• Thursday, October 23, 2014

Tribute to our National Poet

The unparalleled duo Nazrul-Abbasuddin

Staff Correspondent

Eid-ul-Fitr is never complete for the Bangali Muslims without Kazi Nazrul Islam's wonderful song O mon Ramjaner oi rojar sheshey elo khushir Eid. The appropriate lyrics and the sweet jovial tune of the song absolutely fit the merriment of the occasion. The importance of the song is that it was the first Islamic song of Nazrul to be recorded on LP. And the singer whose brilliant voice turned the song into a phenomenon was Abbasuddin Ahmed.

“One day my father went to Nazrul Islam,” says Ferdousi Rahman, daughter of Abbasuddin Ahmed and renowned artiste of Nazrul Sangeet and Bhawaiya songs, “and told him if Islamic songs could be recorded in Bangla in the manner of Urdu Kawalis, which were extremely popular at that time.” Abbasuddin pointed out that such Islamic songs would make Nazrul popular to the Bangali Muslims to whom he was like a heretic. “At that time, Muslims considered music as unholy,” explains Ferdousi.

Considering Abbasuddin's proposal, Nazrul asked him to talk to Bhagabati Bhattacharya, the rehearsal-in-charge of the Gramophone Company. “At first, Bhagabati Babu became very angry about the idea,” writes Abbasuddin in his autobiography, Amar Shilpi Jiboner Kotha; for, Bhagabati thought it wouldn't be accepted by the music lovers.

However, after six months, at a favoured moment, Abbas once again mentioned the proposal, and “this time the old man nodded 'yes',” says Ferdousi as she heard from her father. “After the recording, Abba [father] went home for Eid-ul-Fitr. On his way back to Kolkata, he heard several times that people were humming the song.” Abbasuddin wondered how these people learnt about the song at all! In Kolkata, Abbasuddin found an overwhelming situation; the LP, which also contained another song--Islamer oi shawda loye, sold thousands of copies. Abbasuddin Ahmed and Kazi Nazrul Islam became an unparalleled duo.

The song O mon Ramjaner oi rojar sheshey is further important because it drew the then Bangali Muslim community towards music which they considered profane. “Nazrul and my father enhanced this improvement more by songs like Allah amar probhu; Elo abar Eid phirey; Khodar premer shorab piye; Tribhubaner priyo Mohammad; Shono shono ya Elahi; Allah naamer bij bunechhi; Allah-ke je paitey chaay and many other popular songs,” says Ferdousi.

“Once Abba was invited by the students of Joypurhat but he was requested not to use harmonium as people considered it irreligious,” says Ferdousi. “Abba came on stage and told the audience that he was going to talk only rather than sing. Then he described how the whole world rejoiced Prophet Mohammad's (SM) birth, and started to sing, without any instrument of course, Nazrul's famous song Tora dekhe ja Amina mayer koley.” After singing another song, Abbasuddin wanted to leave the stage, but the audience was won over by that time. Then he improvised a little music by using tabla and sang another religious song, Amar Mohammader naamer dhyan hridoye jar roy. “Thus Abba helped music gain acceptance to the Bangali Muslims,” added Ferdousi.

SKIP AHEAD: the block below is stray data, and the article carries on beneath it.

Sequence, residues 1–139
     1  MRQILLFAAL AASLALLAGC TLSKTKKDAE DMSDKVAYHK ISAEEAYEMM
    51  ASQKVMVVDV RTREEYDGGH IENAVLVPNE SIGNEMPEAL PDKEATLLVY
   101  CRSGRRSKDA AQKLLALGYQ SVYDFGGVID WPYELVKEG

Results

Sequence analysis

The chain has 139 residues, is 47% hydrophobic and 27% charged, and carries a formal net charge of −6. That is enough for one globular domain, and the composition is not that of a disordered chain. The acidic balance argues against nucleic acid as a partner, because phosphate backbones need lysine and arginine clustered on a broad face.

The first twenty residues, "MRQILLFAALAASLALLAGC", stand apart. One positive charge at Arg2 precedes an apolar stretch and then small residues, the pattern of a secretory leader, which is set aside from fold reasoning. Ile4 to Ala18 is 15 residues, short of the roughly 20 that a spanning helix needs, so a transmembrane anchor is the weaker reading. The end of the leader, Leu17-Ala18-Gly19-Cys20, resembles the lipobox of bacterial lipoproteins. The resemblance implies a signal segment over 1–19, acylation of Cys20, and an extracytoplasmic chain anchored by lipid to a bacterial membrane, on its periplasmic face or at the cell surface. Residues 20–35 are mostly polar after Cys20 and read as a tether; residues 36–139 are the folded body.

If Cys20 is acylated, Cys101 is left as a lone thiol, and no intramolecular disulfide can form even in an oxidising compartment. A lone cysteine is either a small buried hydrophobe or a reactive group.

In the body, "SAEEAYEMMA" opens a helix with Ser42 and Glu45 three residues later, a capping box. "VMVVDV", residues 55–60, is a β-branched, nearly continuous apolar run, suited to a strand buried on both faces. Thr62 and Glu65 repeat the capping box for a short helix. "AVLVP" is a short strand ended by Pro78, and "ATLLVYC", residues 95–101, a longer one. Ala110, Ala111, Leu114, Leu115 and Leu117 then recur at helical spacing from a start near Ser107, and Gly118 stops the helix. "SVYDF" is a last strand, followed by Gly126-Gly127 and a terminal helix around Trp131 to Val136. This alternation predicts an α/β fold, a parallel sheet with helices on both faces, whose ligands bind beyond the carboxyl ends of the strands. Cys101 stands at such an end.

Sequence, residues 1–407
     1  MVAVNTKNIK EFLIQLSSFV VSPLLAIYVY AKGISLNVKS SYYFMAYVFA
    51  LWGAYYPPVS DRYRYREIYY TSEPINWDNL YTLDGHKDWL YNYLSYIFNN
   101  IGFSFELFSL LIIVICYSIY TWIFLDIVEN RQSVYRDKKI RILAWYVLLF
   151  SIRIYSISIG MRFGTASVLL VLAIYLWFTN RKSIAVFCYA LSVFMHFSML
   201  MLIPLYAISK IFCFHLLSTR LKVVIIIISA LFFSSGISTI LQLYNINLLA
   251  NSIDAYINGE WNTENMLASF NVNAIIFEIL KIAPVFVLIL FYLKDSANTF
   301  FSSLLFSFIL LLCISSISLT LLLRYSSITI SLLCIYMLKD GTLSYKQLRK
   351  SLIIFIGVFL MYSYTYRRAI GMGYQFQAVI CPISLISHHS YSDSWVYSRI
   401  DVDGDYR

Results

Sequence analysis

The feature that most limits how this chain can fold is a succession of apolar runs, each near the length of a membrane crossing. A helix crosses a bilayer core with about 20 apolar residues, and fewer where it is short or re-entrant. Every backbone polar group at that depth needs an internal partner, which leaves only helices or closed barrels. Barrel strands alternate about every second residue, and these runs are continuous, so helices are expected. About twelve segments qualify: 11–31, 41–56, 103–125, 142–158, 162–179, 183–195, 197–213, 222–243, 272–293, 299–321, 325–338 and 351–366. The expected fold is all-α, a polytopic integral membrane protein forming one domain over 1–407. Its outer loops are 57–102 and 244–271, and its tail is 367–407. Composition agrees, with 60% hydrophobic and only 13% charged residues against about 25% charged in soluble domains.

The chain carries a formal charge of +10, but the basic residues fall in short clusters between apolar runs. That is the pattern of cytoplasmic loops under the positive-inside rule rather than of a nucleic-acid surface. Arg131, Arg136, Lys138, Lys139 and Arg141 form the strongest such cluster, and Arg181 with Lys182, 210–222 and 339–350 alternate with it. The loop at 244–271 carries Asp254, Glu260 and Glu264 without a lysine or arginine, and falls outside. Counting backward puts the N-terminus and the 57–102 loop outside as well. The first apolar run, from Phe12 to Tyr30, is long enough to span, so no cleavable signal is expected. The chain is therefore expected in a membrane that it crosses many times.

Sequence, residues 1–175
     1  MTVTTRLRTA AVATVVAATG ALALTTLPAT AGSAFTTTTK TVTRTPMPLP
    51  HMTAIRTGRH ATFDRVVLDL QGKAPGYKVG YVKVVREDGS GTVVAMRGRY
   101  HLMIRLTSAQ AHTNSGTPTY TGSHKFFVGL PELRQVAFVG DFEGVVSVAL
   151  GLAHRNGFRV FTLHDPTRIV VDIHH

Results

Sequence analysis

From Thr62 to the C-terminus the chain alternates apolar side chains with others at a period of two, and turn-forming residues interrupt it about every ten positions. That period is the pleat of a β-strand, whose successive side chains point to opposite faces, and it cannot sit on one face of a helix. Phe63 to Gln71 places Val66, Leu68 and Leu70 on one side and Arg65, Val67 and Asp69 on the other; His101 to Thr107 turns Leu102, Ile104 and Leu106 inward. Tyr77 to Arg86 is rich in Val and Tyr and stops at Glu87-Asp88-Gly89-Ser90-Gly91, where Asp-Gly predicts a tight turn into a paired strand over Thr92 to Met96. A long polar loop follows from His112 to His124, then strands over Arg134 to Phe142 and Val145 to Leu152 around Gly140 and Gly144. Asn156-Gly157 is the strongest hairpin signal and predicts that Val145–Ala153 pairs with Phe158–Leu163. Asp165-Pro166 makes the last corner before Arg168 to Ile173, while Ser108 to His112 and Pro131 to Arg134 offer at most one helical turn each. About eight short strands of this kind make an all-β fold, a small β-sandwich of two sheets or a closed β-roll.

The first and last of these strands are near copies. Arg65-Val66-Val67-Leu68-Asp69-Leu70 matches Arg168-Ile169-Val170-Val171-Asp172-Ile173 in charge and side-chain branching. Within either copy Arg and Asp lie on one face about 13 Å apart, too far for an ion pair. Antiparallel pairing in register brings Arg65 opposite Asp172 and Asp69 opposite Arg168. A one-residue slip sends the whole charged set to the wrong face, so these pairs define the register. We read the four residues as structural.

She tells the story of another famous song, Hey namaji amar ghorey. “One day while waiting at Nazrul's place, Abba wanted to say his prayer. Nazrul Islam became very concerned, as there was no jainamaz [prayer mat] in the house. He finally gave Abba a clean shawl to use as jainamaz. After his prayer, Abba found that Nazrul Islam had meanwhile written the beautiful song.” The song offers to the pious the heart of the poet as a prayer mat.

Another important aspect of Nazrul-Abbassuddin combination was that through their songs they helped retain the peaceful co-habitation of the Hindus and the Muslims when communal riot broke out in the region. “Together abba and Nazrul produced anti-communal songs like Bharater dui nayon tara Hindu Musalman, Hindu ar Muslim mora dui shahodar bhai and O bhai Hindu Musolman,” says Ferdousi.  

“Abba also sang many of Nazrul's folk songs and these instantly became widely popular, especially with the urban audience who didn't have much access into the realm of Bangla folk music. Nazrul also liked his voice and style of rendering Bhawaiya songs. So, he wrote songs like Nodir naam shoi Anjana/Nachey teerey Khanjana; Padmodighir dharey dharey--Nazrul's first folk songs to be recorded,” informs Ferdousi.

Abbasuddin recorded hundreds of Nazrul's songs, which enjoyed tremendous popularity at that time and still are. His first record of “Adhunik” Bangla song, Laili tomar eshechhey phiriya has become an icon of modern Bangla songs.

Published: 12:00 am Saturday, August 02, 2014

TAGS: Kazi Nazrul Islam Abbasuddin

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